In fact, his company is pretty up on what is happening across the country when it comes to these storefront casinos.

“That’s been exactly what has been expected to happened for two months,” Stocks said of the House vote. He said the Senate’s leaning to regulate the industry seems to be the consensus of the entire multi-billion dollar industry in the country.

Regulating, said Stocks, won’t come with the rapid-fire response of lawsuits that scores of municipalities across the state are seeing after banning simulated gaming devises in internet cafes.

Hillsborough County officials said they are not enforcing that county's recent ban until there is clear direction from the state or Seminole County’s lawsuit.

“If I were in their (Hillsborough’s)position that’s the position I would take, otherwise you are putting the county in jeopardy,” Stocks said.

That’s an argument that internet café backers have been using for years when going up against local municipalities.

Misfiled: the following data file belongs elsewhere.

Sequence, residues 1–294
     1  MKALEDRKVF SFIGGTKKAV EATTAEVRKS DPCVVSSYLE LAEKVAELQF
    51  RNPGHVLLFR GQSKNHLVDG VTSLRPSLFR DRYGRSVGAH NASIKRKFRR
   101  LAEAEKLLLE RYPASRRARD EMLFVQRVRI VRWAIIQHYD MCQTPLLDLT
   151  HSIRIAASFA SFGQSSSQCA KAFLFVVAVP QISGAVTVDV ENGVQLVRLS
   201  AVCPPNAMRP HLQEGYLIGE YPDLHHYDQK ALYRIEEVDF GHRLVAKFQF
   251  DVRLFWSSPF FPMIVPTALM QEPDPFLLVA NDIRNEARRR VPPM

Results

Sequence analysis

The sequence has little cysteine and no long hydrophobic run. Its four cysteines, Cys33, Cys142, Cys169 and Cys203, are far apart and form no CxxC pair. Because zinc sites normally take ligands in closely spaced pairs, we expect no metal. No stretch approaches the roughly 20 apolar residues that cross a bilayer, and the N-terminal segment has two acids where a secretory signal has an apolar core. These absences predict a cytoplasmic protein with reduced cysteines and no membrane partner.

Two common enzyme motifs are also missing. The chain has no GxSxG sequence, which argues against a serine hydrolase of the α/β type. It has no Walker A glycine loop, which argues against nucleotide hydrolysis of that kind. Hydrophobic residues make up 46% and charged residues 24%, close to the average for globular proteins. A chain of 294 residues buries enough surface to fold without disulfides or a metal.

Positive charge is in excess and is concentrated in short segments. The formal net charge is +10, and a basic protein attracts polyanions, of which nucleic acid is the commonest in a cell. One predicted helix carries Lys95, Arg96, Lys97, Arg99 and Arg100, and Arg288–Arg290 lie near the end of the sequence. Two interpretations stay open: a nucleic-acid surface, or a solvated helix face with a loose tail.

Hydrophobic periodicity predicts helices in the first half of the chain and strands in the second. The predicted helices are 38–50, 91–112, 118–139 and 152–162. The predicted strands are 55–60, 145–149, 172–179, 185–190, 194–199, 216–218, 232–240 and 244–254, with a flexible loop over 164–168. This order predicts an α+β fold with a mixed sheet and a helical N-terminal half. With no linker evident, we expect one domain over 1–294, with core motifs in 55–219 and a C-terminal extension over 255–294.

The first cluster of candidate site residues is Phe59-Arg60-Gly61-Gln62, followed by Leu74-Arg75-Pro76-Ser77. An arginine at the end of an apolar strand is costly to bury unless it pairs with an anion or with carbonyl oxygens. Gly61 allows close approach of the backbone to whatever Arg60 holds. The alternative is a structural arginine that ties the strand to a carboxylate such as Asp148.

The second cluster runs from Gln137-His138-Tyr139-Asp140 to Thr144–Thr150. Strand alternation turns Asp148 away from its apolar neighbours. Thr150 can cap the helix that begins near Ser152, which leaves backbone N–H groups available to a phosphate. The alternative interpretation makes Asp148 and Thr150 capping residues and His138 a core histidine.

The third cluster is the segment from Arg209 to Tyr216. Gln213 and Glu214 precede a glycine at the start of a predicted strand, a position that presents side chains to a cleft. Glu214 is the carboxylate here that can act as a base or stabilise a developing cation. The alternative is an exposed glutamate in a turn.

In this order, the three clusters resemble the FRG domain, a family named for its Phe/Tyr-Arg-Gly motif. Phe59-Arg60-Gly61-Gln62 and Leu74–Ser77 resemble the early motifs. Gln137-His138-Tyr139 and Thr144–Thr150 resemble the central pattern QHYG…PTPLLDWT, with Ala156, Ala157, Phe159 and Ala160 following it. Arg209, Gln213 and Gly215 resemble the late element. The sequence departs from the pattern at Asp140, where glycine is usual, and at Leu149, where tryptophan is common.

The Coalition of Florida Internet Cafes, a trade group, estimates that a full-on ban would put 13,000 Floridians out of work.

Plakon doesn't buy that number, claiming it’s a figment of the industry's imagination.

For starters, Plakon said that if the 20 or so internet cafes he’s been inside truly reflect the industry then the number of people working in these places is more to the tune of a few thousand, not 13,000.

His second argument goes to the heart of what’s going on inside the storefronts that claim to offer sweepstakes while people surf the internet.

“If that is really what is going on, then a ban (on simulated gaming devises) should not have any significant impact on the business and loss of jobs,” Plakon said.

Prior to the third reading of the bill before its passage last week, one state representative, a Democrat, predicted the ban would be dead on arrival in the Senate and said the House vote was one of posturing.

“This bill is stone cold dead when it hits the senate,” said Key West's Ron Saunders. “I do think it will pass (the House) today. Why? Because it gives people an opportunity to go back home and say, ‘I voted against gambling.’”